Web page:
Sterkel

“Once you’ve heard Sterkel, you can understand Beethoven’s early works better,” says Werner Ehrhardt, who, with the orchestra l’arte del mondo, is focusing on rediscovered treasures from the period around 1800.

Johann Sterkel is a composer who is certainly worth (re)discovering. Ehrhardt describes his music as “cheerful, refreshing and bursting with energy”. A native of Würzburg, Sterkel spent three years in Italy and on his return was able to translate into music the many new impressions he had gained there in his capacity as court musician to the prince-bishops of Mainz and Aschaffenburg. This explains the typically Italian sound of his work – a sound not commonly heard outside of the major music centres such as Dresden or Munich. Sterkel was well known during his lifetime: the young Beethoven travelled to Aschaffenburg to meet his fellow-composer, who, like himself, was also a highly talented pianist. Carl Maria von Weber is also said to have admired Sterkel and visited him. Sterkel’s “musical fire”, to quote conductor Werner Ehrhardt, spread to Beethoven, whose Symphony No. 1, first performed in Vienna in 1800, already displays some of the barely harnessed energy which would soon open up totally new musical possibilities.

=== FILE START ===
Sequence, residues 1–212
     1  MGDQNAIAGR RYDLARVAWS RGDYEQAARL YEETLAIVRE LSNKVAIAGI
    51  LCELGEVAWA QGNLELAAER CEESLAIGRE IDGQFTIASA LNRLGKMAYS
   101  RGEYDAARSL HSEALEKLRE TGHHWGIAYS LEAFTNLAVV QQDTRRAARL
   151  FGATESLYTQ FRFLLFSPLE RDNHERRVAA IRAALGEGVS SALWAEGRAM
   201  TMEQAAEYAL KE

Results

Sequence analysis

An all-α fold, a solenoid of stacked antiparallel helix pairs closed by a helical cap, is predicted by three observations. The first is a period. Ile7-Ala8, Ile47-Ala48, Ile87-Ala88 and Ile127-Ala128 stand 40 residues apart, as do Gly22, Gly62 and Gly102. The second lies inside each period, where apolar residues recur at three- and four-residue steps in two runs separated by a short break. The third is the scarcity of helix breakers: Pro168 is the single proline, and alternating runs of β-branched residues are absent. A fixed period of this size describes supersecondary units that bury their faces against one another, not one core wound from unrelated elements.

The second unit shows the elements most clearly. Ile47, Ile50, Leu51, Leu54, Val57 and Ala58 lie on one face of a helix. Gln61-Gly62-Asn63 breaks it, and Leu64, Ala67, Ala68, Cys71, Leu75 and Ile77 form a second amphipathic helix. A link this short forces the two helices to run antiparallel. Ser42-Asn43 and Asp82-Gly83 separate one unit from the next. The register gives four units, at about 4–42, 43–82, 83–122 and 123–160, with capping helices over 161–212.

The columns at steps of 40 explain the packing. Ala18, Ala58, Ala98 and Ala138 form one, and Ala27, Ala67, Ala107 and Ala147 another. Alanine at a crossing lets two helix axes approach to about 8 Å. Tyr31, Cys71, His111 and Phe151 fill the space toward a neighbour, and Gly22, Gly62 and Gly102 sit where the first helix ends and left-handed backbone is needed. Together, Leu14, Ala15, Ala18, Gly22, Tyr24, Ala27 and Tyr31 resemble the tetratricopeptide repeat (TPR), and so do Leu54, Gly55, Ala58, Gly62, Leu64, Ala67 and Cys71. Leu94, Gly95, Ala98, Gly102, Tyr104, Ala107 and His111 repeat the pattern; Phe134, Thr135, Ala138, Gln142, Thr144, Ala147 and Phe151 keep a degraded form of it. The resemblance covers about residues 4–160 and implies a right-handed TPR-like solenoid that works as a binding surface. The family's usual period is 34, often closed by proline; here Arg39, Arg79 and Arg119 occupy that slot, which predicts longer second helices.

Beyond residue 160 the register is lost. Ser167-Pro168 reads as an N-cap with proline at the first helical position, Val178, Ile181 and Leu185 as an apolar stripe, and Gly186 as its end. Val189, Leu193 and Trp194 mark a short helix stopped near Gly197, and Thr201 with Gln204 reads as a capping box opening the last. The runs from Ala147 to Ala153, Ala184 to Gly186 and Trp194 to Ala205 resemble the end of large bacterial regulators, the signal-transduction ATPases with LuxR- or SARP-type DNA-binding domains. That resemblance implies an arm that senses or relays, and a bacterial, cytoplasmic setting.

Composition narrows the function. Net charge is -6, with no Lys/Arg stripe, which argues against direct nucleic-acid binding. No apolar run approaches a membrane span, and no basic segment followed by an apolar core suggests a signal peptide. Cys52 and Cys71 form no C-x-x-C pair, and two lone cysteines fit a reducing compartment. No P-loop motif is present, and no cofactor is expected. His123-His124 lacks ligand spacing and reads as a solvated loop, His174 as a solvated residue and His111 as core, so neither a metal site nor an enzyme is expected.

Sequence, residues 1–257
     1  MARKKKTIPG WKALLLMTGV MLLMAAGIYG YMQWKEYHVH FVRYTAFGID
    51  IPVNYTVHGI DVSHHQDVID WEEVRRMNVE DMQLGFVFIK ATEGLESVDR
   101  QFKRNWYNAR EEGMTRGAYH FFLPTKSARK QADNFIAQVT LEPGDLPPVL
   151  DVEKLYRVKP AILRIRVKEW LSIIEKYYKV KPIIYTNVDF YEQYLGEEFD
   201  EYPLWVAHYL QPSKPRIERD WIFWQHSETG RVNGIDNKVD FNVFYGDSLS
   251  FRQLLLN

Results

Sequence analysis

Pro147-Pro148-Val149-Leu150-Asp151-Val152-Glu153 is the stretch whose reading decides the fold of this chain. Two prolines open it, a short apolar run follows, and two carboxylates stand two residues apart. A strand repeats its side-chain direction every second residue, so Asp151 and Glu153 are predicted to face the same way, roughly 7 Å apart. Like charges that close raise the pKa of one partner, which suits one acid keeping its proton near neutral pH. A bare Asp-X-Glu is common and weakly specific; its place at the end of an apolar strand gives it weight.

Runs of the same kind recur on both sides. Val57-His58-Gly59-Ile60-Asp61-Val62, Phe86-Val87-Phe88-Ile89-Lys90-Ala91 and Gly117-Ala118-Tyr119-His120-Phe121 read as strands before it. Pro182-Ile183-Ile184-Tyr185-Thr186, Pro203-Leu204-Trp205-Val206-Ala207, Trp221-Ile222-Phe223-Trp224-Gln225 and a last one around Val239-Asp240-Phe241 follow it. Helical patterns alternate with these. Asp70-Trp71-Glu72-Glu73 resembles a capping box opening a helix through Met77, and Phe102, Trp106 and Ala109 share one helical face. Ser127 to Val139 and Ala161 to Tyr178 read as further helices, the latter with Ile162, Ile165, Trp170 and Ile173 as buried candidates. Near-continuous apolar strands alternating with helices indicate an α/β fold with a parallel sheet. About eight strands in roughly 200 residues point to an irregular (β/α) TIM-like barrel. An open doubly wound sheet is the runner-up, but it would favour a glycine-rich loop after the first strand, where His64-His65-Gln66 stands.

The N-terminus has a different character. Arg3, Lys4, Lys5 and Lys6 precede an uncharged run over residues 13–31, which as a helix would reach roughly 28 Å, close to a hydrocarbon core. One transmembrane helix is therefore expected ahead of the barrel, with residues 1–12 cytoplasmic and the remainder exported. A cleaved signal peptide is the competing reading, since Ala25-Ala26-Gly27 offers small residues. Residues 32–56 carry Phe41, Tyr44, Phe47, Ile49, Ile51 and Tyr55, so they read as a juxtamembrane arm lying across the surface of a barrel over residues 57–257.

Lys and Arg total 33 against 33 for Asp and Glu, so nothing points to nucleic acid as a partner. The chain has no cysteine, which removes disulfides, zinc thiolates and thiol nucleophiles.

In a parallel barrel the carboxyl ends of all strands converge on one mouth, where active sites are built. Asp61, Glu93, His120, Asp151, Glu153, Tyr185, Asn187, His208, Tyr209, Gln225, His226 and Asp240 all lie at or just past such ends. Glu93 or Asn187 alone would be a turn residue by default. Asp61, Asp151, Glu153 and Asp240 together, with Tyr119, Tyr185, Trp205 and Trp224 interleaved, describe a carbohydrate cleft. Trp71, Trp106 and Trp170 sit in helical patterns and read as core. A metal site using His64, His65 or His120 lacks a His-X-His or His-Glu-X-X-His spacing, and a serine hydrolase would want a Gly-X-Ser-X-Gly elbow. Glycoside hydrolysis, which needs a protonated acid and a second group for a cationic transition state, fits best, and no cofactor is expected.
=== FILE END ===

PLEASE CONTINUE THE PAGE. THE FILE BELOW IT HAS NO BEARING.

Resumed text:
Werner Ehrhardt, conductor
Johann Franz Xaver Sterkel: Overture in C major
Johann Franz Xaver Sterkel: Symphony in D major
Ludwig van Beethoven: Symphony No. 1 in C major, Op. 21

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